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    Re: Alnair identification
    From: Antoine Couëtte
    Date: 2023 Nov 18, 11:43 -0800


    I am extremely grateful to you for your both explanatory posts about Alnair Identification :

    (1) - https://navlist.net/Alnair-identification-Blaskett-nov-2023-g54918 , and

    (2) - https://navlist.net/Alnair-identification-Blaskett-nov-2023-g54927 .

    First of all, you gave us accurate coordinates of the spot where this initial picture was taken : i.e. from S13°15.0' / W163°06.5'

    Then you explained that this initial picture is not conformal since it is best modeled by a Gnomonic Projection with point of contact most probably very close to Peacock.

    So, the assumption that the picture is conformal is incorrect indeed. This picture is neither equidistant as well. Hence it is not straightforward to derive accurate and meaningful angles or distances anywhere from it, e.g. actual sextant heights for either AlNair or Peacock as well as for Zeta Cap which is a nice call from yours as it certainly widens the picture "useful" area.

    Nonetheless, we can highly benefit from a characteristic of Gnomonic projections : all straight lines are Great Circles.

    Hence the Peacock to AlNair straight line is [almost] a portion of a great circle. And by extreme luck, since Peacock is extremely close to the "Gnomonic projection "contact point", the real world vertical line from Peacock to the horizon is very closely approximated by a vertical line from Peacock drawn as a perpendicular line onto the picture horizon.

    Hence the actual Peacock - AlNair Position Angle (PA) read from the Picture very closely matches its real world value.

    PA = 20.045° as per your own measurement. And cherry on the cake, we have seen earlier that this PA measurement is almost insensitive to both refraction and dip. We should therefore consider that this determination of 20.045° is a very reliable and meaningful one.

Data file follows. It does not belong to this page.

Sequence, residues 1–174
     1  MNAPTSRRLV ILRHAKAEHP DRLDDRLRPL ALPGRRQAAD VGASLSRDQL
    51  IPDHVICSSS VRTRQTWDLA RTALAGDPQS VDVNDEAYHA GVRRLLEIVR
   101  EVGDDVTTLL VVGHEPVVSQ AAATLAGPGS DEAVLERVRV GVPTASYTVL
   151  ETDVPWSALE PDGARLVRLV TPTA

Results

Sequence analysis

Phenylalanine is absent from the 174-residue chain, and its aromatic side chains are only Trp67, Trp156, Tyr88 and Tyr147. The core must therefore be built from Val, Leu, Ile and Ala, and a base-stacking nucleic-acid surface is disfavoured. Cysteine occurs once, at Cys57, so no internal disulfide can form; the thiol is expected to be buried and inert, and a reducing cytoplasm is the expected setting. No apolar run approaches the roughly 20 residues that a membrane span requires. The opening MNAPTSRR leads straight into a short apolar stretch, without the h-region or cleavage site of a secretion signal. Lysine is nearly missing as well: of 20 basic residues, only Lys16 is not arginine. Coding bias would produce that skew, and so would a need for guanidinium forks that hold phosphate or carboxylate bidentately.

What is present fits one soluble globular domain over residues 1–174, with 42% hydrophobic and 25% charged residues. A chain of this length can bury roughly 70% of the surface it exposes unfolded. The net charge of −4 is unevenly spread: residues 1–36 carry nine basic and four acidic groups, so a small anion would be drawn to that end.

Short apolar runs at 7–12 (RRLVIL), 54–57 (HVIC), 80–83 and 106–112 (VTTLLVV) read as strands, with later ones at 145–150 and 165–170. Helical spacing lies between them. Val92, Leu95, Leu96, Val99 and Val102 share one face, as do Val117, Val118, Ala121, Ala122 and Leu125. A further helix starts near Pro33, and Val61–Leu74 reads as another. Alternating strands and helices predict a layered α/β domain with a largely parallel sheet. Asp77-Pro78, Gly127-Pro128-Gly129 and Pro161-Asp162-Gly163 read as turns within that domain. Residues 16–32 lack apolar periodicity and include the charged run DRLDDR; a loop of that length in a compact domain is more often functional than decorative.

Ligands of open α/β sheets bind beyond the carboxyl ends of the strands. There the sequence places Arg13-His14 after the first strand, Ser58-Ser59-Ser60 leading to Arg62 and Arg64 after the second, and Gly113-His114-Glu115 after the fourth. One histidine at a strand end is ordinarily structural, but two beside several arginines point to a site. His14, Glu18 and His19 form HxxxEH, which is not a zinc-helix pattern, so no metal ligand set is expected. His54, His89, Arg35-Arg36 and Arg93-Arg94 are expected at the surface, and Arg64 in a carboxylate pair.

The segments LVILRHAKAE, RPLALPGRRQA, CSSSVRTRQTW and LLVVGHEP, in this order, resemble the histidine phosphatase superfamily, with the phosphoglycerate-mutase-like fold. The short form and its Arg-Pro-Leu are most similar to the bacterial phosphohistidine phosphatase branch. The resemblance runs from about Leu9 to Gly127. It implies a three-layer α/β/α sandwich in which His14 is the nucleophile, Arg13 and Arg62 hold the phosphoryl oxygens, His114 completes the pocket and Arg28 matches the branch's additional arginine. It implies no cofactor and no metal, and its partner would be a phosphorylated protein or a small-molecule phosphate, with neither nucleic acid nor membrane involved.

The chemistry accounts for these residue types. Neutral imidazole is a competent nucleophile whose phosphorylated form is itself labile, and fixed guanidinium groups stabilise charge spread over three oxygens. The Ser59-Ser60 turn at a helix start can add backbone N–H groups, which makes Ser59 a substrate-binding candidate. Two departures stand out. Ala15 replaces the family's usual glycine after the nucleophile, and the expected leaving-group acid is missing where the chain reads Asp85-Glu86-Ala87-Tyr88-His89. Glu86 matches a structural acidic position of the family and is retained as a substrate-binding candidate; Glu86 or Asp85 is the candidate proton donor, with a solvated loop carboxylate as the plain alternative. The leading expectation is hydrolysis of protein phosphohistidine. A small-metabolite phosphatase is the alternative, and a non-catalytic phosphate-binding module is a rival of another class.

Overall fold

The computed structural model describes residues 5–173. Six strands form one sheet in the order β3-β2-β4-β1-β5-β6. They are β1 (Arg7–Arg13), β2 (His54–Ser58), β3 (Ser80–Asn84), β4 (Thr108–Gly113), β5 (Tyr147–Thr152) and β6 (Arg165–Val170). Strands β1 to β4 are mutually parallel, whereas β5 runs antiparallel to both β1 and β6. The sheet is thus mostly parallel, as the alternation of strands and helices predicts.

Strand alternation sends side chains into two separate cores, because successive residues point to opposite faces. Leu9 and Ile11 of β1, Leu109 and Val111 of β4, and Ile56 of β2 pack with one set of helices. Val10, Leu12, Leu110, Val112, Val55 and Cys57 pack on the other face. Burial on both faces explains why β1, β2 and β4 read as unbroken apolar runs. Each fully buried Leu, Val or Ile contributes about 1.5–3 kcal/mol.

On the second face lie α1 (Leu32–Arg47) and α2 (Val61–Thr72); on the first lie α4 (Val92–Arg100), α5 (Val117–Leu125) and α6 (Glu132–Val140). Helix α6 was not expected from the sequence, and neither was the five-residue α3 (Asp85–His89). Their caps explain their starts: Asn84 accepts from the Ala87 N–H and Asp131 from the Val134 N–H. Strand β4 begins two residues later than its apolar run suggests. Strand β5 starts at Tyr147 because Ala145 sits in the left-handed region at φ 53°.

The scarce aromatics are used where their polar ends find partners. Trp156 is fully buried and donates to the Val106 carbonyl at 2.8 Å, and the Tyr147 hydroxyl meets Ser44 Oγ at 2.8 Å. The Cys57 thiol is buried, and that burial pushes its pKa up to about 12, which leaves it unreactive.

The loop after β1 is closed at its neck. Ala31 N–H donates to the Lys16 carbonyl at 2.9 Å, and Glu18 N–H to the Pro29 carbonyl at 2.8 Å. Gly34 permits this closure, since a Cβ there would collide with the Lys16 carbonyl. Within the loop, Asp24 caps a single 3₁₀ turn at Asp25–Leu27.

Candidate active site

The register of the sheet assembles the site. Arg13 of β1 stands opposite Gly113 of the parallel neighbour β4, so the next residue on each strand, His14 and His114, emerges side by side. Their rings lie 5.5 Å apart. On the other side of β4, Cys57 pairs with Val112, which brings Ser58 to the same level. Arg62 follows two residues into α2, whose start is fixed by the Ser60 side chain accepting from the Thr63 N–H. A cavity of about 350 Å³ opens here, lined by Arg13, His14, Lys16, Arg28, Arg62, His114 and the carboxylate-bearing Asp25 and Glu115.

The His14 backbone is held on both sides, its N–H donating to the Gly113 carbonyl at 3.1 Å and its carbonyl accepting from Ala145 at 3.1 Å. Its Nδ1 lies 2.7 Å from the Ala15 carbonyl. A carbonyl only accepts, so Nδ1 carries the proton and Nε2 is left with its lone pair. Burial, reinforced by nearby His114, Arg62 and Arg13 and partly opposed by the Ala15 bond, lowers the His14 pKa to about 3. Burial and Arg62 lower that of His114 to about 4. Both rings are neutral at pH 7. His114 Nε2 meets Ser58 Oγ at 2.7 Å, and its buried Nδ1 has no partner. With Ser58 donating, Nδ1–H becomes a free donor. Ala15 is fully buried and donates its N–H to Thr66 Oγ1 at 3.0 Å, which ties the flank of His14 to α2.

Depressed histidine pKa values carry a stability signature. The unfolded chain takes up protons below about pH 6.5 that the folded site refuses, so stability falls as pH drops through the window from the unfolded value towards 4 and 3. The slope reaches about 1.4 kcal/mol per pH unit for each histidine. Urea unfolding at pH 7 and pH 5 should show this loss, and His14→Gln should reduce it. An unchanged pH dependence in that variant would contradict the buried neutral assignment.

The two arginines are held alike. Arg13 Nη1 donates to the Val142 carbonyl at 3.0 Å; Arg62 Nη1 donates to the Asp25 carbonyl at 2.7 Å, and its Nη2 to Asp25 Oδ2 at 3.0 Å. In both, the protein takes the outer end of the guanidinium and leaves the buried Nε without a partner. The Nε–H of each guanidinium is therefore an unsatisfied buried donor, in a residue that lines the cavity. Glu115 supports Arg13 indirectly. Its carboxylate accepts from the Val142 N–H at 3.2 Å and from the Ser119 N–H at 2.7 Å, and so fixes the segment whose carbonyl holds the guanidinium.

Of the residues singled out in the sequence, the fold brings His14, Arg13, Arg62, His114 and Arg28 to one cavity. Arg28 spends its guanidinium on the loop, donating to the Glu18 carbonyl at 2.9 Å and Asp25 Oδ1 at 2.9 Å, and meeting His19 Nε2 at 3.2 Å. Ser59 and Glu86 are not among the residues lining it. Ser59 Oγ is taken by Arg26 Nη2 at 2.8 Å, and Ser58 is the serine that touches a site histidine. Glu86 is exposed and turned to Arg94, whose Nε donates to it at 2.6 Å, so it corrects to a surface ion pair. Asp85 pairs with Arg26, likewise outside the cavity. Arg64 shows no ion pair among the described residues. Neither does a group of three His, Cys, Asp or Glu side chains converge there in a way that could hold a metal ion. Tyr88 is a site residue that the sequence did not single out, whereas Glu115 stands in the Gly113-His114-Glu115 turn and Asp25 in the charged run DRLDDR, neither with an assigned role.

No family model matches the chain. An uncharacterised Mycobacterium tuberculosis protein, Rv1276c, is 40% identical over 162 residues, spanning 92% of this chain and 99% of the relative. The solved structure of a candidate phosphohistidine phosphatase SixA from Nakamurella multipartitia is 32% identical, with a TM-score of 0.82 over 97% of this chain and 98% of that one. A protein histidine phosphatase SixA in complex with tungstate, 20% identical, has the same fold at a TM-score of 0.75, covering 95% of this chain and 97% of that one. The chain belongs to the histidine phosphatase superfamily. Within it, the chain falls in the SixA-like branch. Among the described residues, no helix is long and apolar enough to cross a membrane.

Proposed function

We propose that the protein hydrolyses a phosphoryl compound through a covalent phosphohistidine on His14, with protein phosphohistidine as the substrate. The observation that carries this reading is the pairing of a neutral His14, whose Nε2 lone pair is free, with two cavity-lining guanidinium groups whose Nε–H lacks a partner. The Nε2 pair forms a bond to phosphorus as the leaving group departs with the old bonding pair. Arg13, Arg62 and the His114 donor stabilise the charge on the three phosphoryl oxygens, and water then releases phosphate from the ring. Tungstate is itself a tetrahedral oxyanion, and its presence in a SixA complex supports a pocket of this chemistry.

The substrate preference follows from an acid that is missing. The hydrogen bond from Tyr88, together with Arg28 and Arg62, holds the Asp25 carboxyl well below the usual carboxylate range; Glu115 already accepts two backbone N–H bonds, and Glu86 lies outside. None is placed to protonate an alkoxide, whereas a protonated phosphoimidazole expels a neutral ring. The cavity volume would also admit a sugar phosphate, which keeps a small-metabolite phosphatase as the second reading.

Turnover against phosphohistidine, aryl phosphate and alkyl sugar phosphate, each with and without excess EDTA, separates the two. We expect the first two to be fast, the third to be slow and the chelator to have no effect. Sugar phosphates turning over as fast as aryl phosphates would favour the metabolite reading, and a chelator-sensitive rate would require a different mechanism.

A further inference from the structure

Let's then fine-tune our previous computations to our updated position at S13°15.0' / W163°06.5' (vs. our initial position at S13° / W163°) :

    (3.1) - At UT = 05h50m00.0s

    AlN'Aïr Height/Azimuth=34.90776°/221.44732° and Peacock Height/Azimuth=17.61023°/214.32697°, yielding Distance=1105.4', PA=18.76214°  (and HR=1.98224)

    (3.2) - At UT = 05h56m00.0s  ( i.e. 6 minutes later)

    AlN'Aïr Height/Azimuth=33.93557°/221.84989° and Peacock Height/Azimuth=16.78676°/214.35381°, yielding Distance=1105.3', PA=20.02952° (and HR=2.02157).

    Backwards interpolation on PA gives us : Picture time = 05h56m04.4s . It is well understood and accepted that so many digits are not meaningful at all. Nonetheless, let us compute the various bodies heights for this time and get :

    UT = 05h56m04.4s

    AL Nair 33°56.4' / 221.9°

    Peacock 16°46.6' / 214.4°

    Zeta Cap 28°21.3' / 251.5° . Lo and behold ! This 28°21.3' Zeta Cap height is only 0.7' from your own 28°22' determination, i.e. a UT difference inferior to 3 seconds, with your own 28°22' determination occurring at 05h56m02s.

    So, most certainly our initial picture time is extremely close to 05h56m UT (+/- 1 minute) .

    We indeed get [almost] identical height values for Zeta Cap for this 05h56m UT. Given the initial picture relative configuration, your published result at 05h51m cannot be anything but a typo since our heights determinations are so close and so consistent with the overall picture.

    Finally would you be so kind, Peter, as to indicate your best determinations for Al NAir and Peacock heights, i.e. the ones observed in a sextant over the apparent horizon ?

    One last note : if the picture had been taken on a 1st of January, the Sun would have been too close to the horizon (about 8°) for so many stars to be visible. Had it been taken a week before for a same position in the sky, the Sun would have been about an additional 6° under the horizon.

    Which makes me surmise that this picture possibly was taken on Christmas Eve at dusk.

    Quel beau souvenir !

    Thanks to both of you Peter and Frank for a quite interesting challenge which concludes into probably being able to confidently "time" this picture to +/- 1 minute of time.


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